It’s open to anyone who would like to learn more about MyHeritage – including subscribers, DNA customers, those with free basic accounts, and those who haven’t used MyHeritage yet but would like to find out more.
Tickets include entry to the Friday night reception, keynote speeches, all conference sessions, lunch and coffee breaks on Saturday and Sunday and entry to the exclusive MyHeritage LIVE party on Saturday night. Now through September 24, register for Early Bird discount price of €75.00. MyHeritage.com is the place to make connections with relatives overseas, particularly with those who may still live in your ancestral homeland. Click here to see what MyHeritage can do for you: it’s free to get started.
MyHeritage.com is the place to make connections with relatives overseas, particularly with those who may still live in your ancestral homeland. Visit www.MyHeritage.com
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LIVE MAILBOX: Adrianne Keeps Connected with the Podcast
If you’re listening through the Genealogy Gems app, your bonus content for this episode is a short but inspiring story from someone who came to one of my classes and then went and found something cool on YouTube relating to her family’s employment with airline TWA….Don’t miss it! The Genealogy Gems app is FREE in Google Play and is only $2.99 for Windows, iPhone and iPad users.
Lisa Louise Cooke uses and recommends RootsMagic family history software. From within RootsMagic, you can search historical records on FamilySearch.org, Findmypast.com and MyHeritage.com.
Keep your family history research, photos, tree software files, videos and all other computer files safely backed up with Backblaze, the official cloud-based computer backup system for Lisa Louise Cooke’s Genealogy Gems. Learn more at https://www.backblaze.com/Lisa.
NEWS: RootsTech Goes to London
RootsTech will host an event in London from 24–26 October 2019 at the ExCeL London Convention Centre. Registration opens in February 2019. Find out more about RootsTech London 2019 at https://www.rootstech.org/London.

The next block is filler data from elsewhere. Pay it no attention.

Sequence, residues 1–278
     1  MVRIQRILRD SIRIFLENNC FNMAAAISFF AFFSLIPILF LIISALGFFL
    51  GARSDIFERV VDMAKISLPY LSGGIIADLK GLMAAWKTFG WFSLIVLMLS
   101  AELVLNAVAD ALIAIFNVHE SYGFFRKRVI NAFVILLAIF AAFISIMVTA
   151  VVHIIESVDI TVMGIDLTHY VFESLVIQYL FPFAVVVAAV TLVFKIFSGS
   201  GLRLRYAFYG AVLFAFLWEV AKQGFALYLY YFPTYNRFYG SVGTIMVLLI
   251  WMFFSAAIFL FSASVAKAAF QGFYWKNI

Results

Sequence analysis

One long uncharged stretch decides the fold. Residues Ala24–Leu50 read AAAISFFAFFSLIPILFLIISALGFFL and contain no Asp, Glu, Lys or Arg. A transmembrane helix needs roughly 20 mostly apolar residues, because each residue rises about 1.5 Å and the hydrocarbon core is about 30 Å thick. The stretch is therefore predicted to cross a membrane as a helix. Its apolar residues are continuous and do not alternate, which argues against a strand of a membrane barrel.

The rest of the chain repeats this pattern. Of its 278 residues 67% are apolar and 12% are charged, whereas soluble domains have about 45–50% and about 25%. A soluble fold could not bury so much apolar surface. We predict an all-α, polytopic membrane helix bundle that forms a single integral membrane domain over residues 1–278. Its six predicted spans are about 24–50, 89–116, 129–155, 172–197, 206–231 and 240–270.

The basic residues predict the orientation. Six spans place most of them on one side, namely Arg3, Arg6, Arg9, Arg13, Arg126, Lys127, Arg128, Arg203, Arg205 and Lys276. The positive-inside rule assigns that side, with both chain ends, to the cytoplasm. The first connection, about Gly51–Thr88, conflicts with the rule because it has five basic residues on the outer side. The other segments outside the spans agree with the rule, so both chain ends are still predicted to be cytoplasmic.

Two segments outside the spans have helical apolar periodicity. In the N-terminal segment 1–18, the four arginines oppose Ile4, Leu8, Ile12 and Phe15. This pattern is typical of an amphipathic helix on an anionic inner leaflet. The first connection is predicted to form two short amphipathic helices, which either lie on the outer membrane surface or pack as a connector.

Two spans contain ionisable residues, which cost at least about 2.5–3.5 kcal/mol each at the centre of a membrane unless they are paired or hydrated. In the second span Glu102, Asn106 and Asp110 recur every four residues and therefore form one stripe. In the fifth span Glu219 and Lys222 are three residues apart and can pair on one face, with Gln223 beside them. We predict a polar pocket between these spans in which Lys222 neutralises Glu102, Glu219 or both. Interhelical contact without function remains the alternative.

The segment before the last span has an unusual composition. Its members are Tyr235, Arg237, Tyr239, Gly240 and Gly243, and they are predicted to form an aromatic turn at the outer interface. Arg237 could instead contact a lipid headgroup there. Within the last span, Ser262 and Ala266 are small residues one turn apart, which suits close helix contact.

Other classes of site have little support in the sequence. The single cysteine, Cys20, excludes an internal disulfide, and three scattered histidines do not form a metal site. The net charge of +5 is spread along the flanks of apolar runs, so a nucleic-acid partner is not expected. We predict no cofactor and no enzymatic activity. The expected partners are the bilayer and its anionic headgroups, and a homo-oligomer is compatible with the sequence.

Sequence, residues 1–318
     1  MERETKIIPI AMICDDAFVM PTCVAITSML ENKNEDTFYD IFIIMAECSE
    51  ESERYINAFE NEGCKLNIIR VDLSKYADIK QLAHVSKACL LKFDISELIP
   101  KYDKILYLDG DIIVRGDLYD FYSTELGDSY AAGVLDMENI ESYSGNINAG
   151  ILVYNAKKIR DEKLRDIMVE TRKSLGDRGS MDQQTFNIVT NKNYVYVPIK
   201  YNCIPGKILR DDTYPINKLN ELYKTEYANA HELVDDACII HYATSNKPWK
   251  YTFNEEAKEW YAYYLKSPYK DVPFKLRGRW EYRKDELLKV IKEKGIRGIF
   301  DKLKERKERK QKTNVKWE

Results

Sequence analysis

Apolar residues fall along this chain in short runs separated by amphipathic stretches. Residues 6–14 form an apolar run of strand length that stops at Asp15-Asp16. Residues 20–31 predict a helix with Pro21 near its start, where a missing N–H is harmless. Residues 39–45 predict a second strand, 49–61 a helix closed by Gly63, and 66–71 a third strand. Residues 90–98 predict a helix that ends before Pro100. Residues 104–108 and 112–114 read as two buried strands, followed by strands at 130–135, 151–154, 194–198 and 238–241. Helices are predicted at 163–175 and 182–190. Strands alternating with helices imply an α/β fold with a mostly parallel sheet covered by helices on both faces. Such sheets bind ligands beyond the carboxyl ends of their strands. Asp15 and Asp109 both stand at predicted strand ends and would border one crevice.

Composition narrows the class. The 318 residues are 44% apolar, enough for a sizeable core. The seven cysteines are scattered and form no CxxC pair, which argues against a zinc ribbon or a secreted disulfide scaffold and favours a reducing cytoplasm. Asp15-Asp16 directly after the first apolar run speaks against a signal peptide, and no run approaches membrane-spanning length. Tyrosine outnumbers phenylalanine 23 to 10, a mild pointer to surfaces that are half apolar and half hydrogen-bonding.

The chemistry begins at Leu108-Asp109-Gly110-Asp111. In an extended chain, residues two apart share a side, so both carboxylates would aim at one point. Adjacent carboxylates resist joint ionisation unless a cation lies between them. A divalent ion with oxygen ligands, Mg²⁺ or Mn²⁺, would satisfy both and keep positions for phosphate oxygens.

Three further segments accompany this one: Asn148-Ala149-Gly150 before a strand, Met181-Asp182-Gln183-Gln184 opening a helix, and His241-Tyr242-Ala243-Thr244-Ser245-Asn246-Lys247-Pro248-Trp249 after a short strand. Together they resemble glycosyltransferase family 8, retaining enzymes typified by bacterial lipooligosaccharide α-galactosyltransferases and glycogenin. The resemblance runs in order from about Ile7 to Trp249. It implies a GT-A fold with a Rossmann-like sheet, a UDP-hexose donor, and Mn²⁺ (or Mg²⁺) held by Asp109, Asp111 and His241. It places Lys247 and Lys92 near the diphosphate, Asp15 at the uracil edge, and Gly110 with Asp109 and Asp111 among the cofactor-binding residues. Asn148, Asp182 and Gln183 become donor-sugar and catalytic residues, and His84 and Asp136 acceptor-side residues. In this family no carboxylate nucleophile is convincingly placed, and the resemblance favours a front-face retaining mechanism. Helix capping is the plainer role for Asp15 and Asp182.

Lisa Louise Cooke, Diahan Southard, and Sunny Morton will share a stage on October 4-5, 2018 at the SeniorExpo in Sandy, Utah. (Psst: You don’t have to be a senior to attend!) Here’s the scoop—and a special registration discount!
Who: Lisa Louise Cooke, Diahan Southard, and Sunny Morton
What: Genealogy Roots: The Un-Conference Experience! at SeniorExpo
Where: Mountain America Expo Center (South Towne Expo Center), 9081 S. State St., Sandy, Utah
When: October 4-5, 2018, 9:00 am – 5:00 pm
THE ARCHIVE LADY: Library Archives Canada Co-Lab
The Library and Archives of Canada (LAC) has introduced a brand-new crowdsourcing opportunity for genealogists or anyone interested in records transcription: Co-Lab.
The LAC has put a call out for volunteers to be part of a collaborative project to transcribe, add keywords and image tags, translate content from an image or document and add descriptions to digitized images using “Co-Lab” and the new “Collection Search”. The more volunteers that participate in this project, the more accessible and usable the digital collection will become for everyone.
You can become a contributor in two ways:
Take on a “challenge” of images put together by experts at LAC
Use the new Collection Search to find materials that matter most to you, then enhance them. Anyone can now contribute to digitized images that are found while doing research.
The volunteer must register and create a user account so you can keep track of the records to which you have contributed. Once this free account is established, a volunteer can contribute as much or as little as they would like.
The “Challenges” are content put together under a theme. For instance, under the “Challenges” tab on the website you could choose to transcribe the “Correspondence between Sir Robert Borden and Sir Sam Hughes” The theme for this challenge is listed as “military heritage.”
Or another “Challenge” someone might choose could be “New France and Indigenous Relations” whose theme is listed as “Aboriginal Heritage.”
There are also new “Challenges” being posted to the site, so check back often.
Maybe you would like to contribute using Collection Search. The website describes how this tool works: “When you are conducting research using our new search tool and find images, you’ll see that you have the option to enable this image for Co-Lab contributions. After answering just a few short questions, you can enable an image found in Collection Search for Co-Lab use and transcribe/translate/tag/describe to your heart’s content.”